Aaron Miller says he's focused on beating Minnesota 1st District DFL Rep. Tim Walz in the fall election. But there's still one guy Miller needs to beat this summer.
Fellow Republican Jim Hagedorn, 52, initially backed Miller after the Iraq and Afghanistan war veteran won the GOP endorsement. Then Hagedorn changed his mind. He's challenged Miller in the Aug. 12 primary, arguing that Miller, a first-time candidate, wasn't campaigning aggressively enough.
With party support and a huge financial edge, Miller is the clear favorite to win the Republican primary, observers say. Hagedorn, though, has some name recognition — his father represented southern Minnesota in Congress three decades ago — and he's knocking on doors across southern Minnesota, determined to make it a contest.
On a recent visit to Mankato, Hagedorn popped in and out of businesses to introduce himself and drop off campaign brochures. He talked up his political philosophy without mentioning that he's challenging Miller in the primary.
"Things in Washington, I think, are kind of out of hand -- too much big government, too much spending," he told a potential voter. "That's why we're running."
Long-time Republican Leroy Vetsch was an early supporter of Hagedorn but said he's not sure which way he'll vote in the primary.
"I'm torn between these two guys," said Vetsch, who's from Brewster, Minn., near Worthington. "They're both conservative and they pretty much believe in the same basic principles that I believe in, so I haven't made my decisions yet as to what I'm going to do."
Miller and Hagedorn talk a lot about Walz as they campaign. Both are calling for a smaller, less restrictive federal government and for the dismantling of the Affordable Care Act. Both say Walz is vulnerable even though Walz won the 2012 election by more than 15 percentage points.
Miller, 45, said his newcomer status in politics along with his military and business experience are his selling points.
"Initially folks were surprised because, you know, here's a new guy on the political scene never ran for office before," he said. "I had to introduce myself but as I've introduced myself to the voters they've realized that that's a strong suit."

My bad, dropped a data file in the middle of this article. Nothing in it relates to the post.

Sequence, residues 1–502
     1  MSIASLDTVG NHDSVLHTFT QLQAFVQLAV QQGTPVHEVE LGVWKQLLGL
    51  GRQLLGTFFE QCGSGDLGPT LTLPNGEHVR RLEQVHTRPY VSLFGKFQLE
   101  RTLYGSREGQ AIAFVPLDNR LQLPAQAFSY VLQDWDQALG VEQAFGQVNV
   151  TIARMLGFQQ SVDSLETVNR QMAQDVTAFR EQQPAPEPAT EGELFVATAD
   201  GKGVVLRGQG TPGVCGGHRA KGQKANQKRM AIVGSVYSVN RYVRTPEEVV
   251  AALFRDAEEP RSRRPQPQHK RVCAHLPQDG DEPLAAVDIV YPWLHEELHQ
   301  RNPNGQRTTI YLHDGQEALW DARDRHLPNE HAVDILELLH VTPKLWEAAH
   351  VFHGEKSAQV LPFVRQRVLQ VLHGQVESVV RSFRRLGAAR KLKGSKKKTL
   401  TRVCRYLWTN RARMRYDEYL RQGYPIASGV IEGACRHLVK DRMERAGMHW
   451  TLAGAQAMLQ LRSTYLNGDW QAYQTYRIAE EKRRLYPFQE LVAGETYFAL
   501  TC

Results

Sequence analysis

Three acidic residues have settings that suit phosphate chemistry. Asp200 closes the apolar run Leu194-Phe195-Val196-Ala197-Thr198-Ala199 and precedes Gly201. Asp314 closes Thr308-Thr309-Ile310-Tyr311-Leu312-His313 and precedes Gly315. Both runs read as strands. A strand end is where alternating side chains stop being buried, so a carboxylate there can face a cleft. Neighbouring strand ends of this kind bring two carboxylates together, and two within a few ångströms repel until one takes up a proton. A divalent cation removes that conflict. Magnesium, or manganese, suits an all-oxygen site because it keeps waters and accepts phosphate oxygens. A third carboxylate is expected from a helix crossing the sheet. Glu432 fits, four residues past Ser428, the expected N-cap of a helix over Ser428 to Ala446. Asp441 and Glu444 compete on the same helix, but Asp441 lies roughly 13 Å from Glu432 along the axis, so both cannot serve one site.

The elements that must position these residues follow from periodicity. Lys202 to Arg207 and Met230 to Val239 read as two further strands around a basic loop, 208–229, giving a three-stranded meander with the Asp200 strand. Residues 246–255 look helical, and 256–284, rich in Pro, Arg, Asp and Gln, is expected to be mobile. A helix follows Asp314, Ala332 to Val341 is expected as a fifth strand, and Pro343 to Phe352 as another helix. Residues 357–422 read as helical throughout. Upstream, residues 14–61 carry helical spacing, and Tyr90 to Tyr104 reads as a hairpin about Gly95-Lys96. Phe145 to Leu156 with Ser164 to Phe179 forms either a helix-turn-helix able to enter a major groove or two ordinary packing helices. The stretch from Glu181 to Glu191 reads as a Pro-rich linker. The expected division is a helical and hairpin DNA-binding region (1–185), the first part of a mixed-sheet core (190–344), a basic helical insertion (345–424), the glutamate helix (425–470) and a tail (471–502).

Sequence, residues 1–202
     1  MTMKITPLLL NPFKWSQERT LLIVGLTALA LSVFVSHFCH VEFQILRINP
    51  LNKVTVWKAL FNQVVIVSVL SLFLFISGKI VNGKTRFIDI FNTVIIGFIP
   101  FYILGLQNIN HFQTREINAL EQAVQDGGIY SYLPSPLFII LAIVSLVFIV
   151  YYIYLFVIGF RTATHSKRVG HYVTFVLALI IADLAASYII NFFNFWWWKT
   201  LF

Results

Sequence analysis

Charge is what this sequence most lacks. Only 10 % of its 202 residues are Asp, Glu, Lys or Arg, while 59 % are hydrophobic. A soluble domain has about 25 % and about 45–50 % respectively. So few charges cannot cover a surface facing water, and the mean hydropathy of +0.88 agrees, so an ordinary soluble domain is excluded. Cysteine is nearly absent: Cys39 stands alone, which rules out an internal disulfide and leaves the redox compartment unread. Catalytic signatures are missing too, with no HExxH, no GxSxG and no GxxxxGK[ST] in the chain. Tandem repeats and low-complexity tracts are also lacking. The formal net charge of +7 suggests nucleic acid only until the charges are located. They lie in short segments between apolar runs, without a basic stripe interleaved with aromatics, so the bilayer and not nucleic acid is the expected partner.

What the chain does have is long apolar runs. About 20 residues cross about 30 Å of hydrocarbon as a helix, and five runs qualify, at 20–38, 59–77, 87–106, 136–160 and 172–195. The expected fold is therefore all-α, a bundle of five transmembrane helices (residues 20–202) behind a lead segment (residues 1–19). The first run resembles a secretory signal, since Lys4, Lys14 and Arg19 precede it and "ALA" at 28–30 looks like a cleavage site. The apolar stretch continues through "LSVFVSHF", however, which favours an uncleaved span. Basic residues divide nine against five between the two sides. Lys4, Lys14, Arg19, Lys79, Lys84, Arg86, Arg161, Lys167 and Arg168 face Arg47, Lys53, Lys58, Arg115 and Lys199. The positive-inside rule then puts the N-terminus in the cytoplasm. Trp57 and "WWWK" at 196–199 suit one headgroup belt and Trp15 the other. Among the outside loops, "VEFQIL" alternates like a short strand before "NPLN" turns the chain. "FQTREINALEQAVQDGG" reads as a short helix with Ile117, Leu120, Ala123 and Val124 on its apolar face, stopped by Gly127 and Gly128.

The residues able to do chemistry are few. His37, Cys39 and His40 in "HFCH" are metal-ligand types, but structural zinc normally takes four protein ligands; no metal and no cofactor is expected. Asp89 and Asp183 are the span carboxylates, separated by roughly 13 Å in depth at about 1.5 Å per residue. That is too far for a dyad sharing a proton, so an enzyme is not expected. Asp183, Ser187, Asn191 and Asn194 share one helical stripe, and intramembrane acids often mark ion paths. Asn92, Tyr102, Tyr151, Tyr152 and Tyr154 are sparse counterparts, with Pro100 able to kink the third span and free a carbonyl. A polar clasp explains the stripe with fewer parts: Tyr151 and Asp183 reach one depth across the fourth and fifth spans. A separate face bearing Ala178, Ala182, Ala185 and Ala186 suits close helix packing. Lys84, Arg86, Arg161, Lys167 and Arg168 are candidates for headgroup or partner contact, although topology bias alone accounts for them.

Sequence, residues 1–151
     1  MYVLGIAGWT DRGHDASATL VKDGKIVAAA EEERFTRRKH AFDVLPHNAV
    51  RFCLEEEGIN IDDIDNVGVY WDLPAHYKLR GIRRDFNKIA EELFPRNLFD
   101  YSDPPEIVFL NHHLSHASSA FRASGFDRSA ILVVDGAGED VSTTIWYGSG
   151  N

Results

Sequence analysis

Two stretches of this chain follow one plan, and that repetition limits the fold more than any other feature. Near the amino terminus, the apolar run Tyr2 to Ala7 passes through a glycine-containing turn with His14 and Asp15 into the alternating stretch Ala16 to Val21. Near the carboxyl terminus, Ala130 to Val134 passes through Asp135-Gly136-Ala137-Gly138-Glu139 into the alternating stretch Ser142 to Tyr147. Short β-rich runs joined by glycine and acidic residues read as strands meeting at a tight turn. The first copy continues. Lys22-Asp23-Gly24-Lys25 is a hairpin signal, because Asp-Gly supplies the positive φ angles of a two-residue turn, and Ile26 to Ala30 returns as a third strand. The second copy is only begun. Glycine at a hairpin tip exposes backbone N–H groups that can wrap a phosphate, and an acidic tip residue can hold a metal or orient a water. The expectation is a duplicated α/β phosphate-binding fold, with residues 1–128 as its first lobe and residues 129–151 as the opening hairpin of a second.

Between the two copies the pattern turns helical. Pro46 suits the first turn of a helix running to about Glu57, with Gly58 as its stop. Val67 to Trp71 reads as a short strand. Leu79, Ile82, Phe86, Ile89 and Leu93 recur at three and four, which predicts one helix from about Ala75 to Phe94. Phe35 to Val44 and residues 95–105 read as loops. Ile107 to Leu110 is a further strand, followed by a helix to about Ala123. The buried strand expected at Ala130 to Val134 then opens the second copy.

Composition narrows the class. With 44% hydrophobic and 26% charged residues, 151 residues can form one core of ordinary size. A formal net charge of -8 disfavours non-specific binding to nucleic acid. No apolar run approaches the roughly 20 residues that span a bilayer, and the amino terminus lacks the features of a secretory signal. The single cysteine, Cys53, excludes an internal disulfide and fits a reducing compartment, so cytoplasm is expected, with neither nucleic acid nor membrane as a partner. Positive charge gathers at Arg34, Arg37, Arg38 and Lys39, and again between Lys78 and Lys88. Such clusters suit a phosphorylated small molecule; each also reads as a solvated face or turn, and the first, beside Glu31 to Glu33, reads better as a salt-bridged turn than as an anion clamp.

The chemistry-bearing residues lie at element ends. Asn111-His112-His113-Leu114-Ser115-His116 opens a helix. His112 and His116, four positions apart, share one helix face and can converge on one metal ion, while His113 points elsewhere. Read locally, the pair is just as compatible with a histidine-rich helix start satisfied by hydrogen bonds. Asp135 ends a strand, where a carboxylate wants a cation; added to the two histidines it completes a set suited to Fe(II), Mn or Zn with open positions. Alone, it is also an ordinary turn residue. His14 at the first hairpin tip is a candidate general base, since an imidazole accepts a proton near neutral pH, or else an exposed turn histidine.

Miller also has an overwhelming financial advantage, ending June with more than $107,000 in campaign cash, according to Federal Election Commission reports. Hagedorn had less than $12,000.
"Whoever's got the organizational ability to make the phone calls, find out who's going to be voting in the primary, which way they're leaning and then try to get your call back and get your people to vote, that's the key," said Minnesota State University Mankato political science professor Joe Kunkel.
While older Republican primary-goers might remember Hagedorn's name from his father's time in Congress, Miller's money and backing make him the clear favorite in the primary, Kunkel added.
Hagedorn is undeterred.
"I got back into this race for the right reasons," he said. "The endorsed candidate was not running an active campaign or doing the types of things you had to do to beat an entrenched incumbent."
Miller says he was disappointed when Hagedorn rejoined the race. He says Hagedorn's charge that he's not aggressively campaigning is wrong.
"I think that's a complete fabrication of what we're doing," Miller said. "We're working every day all across the district and we'll continue to do that through November."